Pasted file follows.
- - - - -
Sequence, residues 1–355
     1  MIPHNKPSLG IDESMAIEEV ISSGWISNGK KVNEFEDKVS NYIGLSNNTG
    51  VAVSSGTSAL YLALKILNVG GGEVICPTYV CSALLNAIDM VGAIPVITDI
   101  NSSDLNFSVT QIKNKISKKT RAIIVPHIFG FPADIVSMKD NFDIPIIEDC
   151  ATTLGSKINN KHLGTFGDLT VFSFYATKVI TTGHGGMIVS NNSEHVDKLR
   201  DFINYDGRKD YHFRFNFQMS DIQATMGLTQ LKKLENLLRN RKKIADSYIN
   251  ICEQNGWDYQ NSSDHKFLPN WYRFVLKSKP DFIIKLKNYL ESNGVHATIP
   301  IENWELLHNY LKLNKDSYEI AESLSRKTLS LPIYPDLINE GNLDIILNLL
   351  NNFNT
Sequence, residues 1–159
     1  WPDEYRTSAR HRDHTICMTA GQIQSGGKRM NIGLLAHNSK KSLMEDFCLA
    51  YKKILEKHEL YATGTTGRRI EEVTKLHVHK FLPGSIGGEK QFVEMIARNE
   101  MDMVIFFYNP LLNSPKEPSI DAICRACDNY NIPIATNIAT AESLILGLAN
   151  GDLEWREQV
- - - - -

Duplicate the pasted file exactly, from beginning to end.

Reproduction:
Sequence, residues 1–355
     1  MIPHNKPSLG IDESMAIEEV ISSGWISNGK KVNEFEDKVS NYIGLSNNTG
    51  VAVSSGTSAL YLALKILNVG GGEVICPTYV CSALLNAIDM VGAIPVITDI
   101  NSSDLNFSVT QIKNKISKKT RAIIVPHIFG FPADIVSMKD NFDIPIIEDC
   151  ATTLGSKINN KHLGTFGDLT VFSFYATKVI TTGHGGMIVS NNSEHVDKLR
   201  DFINYDGRKD YHFRFNFQMS DIQATMGLTQ LKKLENLLRN RKKIADSYIN
   251  ICEQNGWDYQ NSSDHKFLPN WYRFVLKSKP DFIIKLKNYL ESNGVHATIP
   301  IENWELLHNY LKLNKDSYEI AESLSRKTLS LPIYPDLINE GNLDIILNLL
   351  NNFNT
Sequence, residues 1–159
     1  WPDEYRTSAR HRDHTICMTA GQIQSGGKRM NIGLLAHNSK KSLMEDFCLA
    51  YKKILEKHEL YATGTTGRRI EEVTKLHVHK FLPGSIGGEK QFVEMIARNE
   101  MDMVIFFYNP LLNSPKEPSI DAICRACDNY NIPIATNIAT AESLILGLAN
   151  GDLEWREQV